Dems, GOP battle over healthcare law as 2013 spending bill advances

Democrats and Republicans clashed Tuesday over President Obama’s signature healthcare reform law as Democrats moved forward with a 2013 spending bill that funds it.

The Labor, Health and Human Services appropriations bill passed out of a Senate Appropriations subcommittee by a vote of 10 to 7 with the GOP united in its opposition to increased funding for the Affordable Care Act. It heads for a full committee vote on Thursday.


Protecting the ACA’s funding could be tricky if part of the law is struck down by the Supreme Court later this month.

“We’ll just have to see what the Supreme Court decides and how that plays out. I just don’t know yet,” subcommittee Chairman Tom HarkinThomas (Tom) Richard HarkinFCC needs to help services for the deaf catch up to videoconferencing tech Biden celebrates anniversary of Americans with Disabilities Act Ex-Rep. Abby Finkenauer running for Senate in Iowa MORE (D-Iowa) acknowledged.

He said that a decision by United Healthcare this week to keep some parts of the ACA, such as allowing parental coverage for those 26 and younger, demonstrates the popularity of at least parts of the law.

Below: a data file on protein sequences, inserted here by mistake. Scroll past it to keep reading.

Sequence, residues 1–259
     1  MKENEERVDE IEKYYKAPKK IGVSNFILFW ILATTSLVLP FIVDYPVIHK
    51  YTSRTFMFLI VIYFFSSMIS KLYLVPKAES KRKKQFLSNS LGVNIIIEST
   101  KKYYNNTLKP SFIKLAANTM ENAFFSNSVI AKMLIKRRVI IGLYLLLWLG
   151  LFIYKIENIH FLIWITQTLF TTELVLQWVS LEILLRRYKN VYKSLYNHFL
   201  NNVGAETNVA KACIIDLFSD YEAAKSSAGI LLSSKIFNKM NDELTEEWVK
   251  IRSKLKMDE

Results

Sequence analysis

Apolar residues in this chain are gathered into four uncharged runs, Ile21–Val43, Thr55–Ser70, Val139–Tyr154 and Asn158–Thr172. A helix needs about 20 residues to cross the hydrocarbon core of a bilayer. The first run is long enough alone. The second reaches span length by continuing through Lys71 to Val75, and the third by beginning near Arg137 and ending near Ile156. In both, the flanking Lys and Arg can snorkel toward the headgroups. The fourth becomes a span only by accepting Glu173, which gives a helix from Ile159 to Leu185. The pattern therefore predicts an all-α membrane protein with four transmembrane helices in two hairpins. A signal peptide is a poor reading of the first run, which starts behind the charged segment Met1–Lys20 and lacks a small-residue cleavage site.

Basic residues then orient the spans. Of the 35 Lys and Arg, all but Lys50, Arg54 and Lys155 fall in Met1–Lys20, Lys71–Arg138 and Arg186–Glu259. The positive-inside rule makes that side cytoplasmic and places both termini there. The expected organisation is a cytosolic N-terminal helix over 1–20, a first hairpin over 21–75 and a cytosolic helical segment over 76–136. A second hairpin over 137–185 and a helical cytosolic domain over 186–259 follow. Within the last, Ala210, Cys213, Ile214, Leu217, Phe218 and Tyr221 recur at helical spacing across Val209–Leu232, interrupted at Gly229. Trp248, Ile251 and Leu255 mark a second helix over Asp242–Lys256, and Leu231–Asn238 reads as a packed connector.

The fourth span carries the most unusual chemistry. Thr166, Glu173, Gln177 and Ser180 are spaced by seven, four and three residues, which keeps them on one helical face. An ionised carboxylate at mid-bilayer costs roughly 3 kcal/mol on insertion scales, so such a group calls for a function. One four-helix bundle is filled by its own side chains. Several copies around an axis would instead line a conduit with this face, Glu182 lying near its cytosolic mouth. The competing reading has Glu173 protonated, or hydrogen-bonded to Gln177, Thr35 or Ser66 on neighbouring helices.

“It shows there are a lot of things in this healthcare bill that the American people don’t want to give up,” he said. “Defunding the bill means they would have to give it up. Republicans can’t have it both ways, saying they will vote to defund it but they want to keep all these other things.”

Overall the spending bill provides $158.8 billion for 2013 for the departments of Labor, Education, Health and Human Services and related agencies. That $8.8 billion is more than the House is expected to provide in its bill, which is heading for a markup as soon as next week and a major fall battle looms, likely after the fiscal year ends on Sept. 30.

Harkin said the bill is "fiscally responsible" because it adheres to the $1.2 trillion budget cuts in last August’s debt-ceiling deal.

He noted that it keeps funding for home heating assistance and for graduate education, which the White House had proposed cutting.  He also highlighted the increase in Pell Grant college scholarships — to a maximum award of $5,635 — and a doubling of diabetes research funding.

Ranking member Richard Shelby (R-Ala.) said he would never support a bill that funds the ACA. Specifically he objected to an increase in the Centers for Medicare and Medicaid budget and for a prevention fund that the GOP calls a “slush fund.”

“The majority of Americans do not want the ACA because they know it will lead to higher taxes and lower quality of care,” he said.

He noted that one “ObamaCare” program would authorize the building of grocery stores in poor neighborhoods.

“I ask my colleagues, does this sound like a job for the federal government?” he said. “These are programs we do not need and cannot afford.”